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Happy National Coloring Book Day! This Adult Coloring Book Unlocks Your Creativity

If you haven’t already made plans for National Coloring Book Day, here’s an easy downloadable coloring book by Hawai‘i’s own queen of “keeping it between the lines.”


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National Coloring Book Day

Associate editor Katrina valcourt, author rachel funk heller, senior editor don wallace, editor robbie dingeman taps into their collective subconscious with paper dolls.
Photos: Aaron Yoshino 

 

Today, Aug. 2, we solemnly observe National Coloring Book Day. Doing so honors a trend that has gone from, like, preschool to Picasso in only a year, culminating a couple of months ago with Kathie Lee and Hoda Kotb crayoning furiously on The Today Show. If you’ve been following, you’ll know the adult coloring book phenomenon is about stress relief, getting seriously silly and doing a book-club-y kind of thing with friends. Only, unlike a book club, which can get a little competitive, a little tense, just the idea of breaking out colored pencils takes everything down a notch or three. Especially if there’s wine involved.

 

For today’s celebration, HONOLULU invited Hawai‘i’s very own coloring book queen, Rachel Funk Heller, to show off her wares—in particular The Writer’s Coloring Book, a brainstorming and creativity platform that also invites participants to cut out and customize their own paper dolls. (The book comes in traditional printed format, but also as a downloadable PDF from writerscoloringbook.com, which means you can print up as many pages as you like.)

 

Long before the trend, Funk Heller (a name we love saying), a former journalist and CNN producer in Atlanta and Washington, D.C., was pulling together ideas about creativity and social interaction. In Honolulu, where she was an organizer in writing groups, she saw the need to unlock creativity and reduce artistic anxiety. “Everyone at the time was cranking out book after book and burning out. I said, ‘Lighten up, people.’”

 

For decades, Funk Heller had been thinking about how writers create characters. A tape of a 1977 talk by Joseph Campbell, later the subject of a PBS documentary about myth-making in our daily lives, led her to Carl Jung and his theory of the subconscious. “Because I’m a visual thinker I wanted to see how to plot these ideas I came up with.” This led to her first idea, for a chart called the Story World Mandala, an aid to thinking through a creative situation or challenge.

 

 

Believing that the best way to help make convincing characters leap onto the page was to consciously put the subconscious to work, Funk Heller hit on the idea of using paper dolls, dressed in outfits appropriate for the story and situation. “It’s a chance for writers to see their characters.” Basically, writers can dress and accessorize characters for their books using the provided templates; then they’ll always have a visual representation to inform their writing.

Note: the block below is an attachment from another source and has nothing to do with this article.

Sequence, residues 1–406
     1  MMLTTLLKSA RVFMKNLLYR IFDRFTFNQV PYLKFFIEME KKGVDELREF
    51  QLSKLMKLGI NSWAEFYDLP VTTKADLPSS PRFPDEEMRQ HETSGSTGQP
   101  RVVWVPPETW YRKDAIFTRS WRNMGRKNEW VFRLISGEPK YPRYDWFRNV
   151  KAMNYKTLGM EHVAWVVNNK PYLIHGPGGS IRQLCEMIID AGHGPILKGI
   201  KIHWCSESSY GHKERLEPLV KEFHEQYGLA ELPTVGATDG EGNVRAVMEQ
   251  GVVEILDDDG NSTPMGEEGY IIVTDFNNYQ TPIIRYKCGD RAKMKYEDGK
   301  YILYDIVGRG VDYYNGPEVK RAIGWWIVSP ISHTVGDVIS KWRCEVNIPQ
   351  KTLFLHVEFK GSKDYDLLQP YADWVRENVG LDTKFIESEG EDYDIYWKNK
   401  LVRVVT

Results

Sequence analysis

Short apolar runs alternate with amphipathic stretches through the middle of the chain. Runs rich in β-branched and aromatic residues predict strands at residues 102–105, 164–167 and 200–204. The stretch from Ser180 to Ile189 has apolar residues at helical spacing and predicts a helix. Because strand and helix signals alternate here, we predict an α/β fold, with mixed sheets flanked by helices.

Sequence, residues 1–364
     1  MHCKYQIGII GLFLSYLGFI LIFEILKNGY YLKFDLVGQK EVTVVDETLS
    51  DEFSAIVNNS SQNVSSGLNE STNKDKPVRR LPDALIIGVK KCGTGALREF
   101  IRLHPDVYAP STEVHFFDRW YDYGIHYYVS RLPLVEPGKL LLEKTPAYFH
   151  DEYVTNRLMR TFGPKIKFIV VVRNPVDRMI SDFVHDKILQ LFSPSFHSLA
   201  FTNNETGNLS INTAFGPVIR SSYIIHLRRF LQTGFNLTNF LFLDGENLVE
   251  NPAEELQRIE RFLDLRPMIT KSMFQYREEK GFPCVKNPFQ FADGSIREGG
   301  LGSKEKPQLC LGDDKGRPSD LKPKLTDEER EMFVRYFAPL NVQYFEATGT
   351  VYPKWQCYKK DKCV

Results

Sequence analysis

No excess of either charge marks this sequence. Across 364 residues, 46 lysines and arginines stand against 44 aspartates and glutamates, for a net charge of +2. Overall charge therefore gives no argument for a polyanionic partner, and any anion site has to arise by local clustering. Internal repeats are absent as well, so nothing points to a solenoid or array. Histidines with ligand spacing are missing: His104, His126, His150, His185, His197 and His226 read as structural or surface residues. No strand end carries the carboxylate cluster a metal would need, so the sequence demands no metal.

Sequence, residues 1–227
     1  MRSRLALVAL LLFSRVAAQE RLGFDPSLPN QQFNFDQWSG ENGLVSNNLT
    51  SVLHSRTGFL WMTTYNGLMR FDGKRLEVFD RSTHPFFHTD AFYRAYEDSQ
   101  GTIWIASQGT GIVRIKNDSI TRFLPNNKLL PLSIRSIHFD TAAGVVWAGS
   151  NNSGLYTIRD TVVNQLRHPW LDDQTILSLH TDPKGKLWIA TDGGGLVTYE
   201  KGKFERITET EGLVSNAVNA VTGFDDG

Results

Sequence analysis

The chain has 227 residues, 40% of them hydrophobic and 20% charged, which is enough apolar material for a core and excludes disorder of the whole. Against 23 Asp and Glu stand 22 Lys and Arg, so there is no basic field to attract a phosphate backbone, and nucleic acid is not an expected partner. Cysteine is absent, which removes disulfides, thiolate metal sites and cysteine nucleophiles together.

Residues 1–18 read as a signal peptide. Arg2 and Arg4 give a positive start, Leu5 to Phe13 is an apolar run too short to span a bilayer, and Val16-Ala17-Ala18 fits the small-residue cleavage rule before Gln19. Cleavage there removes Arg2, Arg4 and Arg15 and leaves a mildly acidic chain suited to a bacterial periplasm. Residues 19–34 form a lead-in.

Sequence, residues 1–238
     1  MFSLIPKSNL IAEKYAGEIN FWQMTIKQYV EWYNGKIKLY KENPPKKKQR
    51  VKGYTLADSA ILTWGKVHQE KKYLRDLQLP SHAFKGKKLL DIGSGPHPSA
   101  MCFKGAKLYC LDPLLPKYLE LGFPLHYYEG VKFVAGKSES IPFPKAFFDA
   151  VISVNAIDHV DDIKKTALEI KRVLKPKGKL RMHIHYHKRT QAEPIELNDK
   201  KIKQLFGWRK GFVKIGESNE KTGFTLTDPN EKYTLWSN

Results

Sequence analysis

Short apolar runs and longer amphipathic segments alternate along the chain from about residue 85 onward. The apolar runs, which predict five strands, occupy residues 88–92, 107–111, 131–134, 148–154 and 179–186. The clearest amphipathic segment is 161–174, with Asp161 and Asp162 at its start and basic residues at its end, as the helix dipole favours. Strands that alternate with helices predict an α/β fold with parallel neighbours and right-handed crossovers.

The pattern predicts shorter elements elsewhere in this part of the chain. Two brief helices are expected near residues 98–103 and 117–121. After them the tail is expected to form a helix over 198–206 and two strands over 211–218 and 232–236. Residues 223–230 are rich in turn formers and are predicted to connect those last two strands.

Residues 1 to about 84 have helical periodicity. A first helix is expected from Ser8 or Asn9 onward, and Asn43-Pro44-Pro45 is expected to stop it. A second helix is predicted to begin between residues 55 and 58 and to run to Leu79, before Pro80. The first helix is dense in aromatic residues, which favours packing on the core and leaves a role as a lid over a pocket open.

The coloring book concept followed, as a perfect way to package the entire approach. “I realized, ‘Yeah, that’s the circus tent pole.’”

 

Once she tried out The Writer’s Coloring Book on her group, it became apparent the concept had magic: “The feeling of it, the spirit of it, having fun, being creative, getting back into being a kid before your left brain kicked in and started being judgmental.” In addition to provoking giggles, the exercises put the creatives into a productive dream state. “It’s just relaxing to do something with your hands, something that’s tactile, that gets you to relax a little bit.” Especially if there’s wine involved.

 

That’s the precise effect the book had in the HONOLULU offices. (And without the wine, too.)

 

 

Funk Heller took her ideas and creation to a printer, planning to self-publish the book. “Then, just as we were going into production, suddenly there were coloring books everywhere!” The subconscious had caught up with the conscious world. Titles such as Johanna Basford’s Secret Gardens hit first, followed by a stream of stress-relief books, including Release Your Anger: An Adult Coloring Book, the Good Vibes Coloring Book and, mischievously, Calm the F*ck Down: An Irreverent Adult Coloring Book.   

 

Funk Heller made an appearance at the Writer’s Digest Conference in New York City last summer and will make another this October in Los Angeles for a novel-writing conference. But The Writer’s Coloring Book may have been too successful for its creator. Lately, she’s been too busy writing a novel to “ride that coloring book wave,” she says. “I thought I wanted to create myself as a great writing teacher, but now I want to write my fiction and get that out there.”

 

Order your book (which come with a PDF version on a flash drive), or just the PDF, at writerscoloringbook.com. Happy right brain!

 

Read More Stories by Don Wallace 

 

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Honolulu Magazine September 2018
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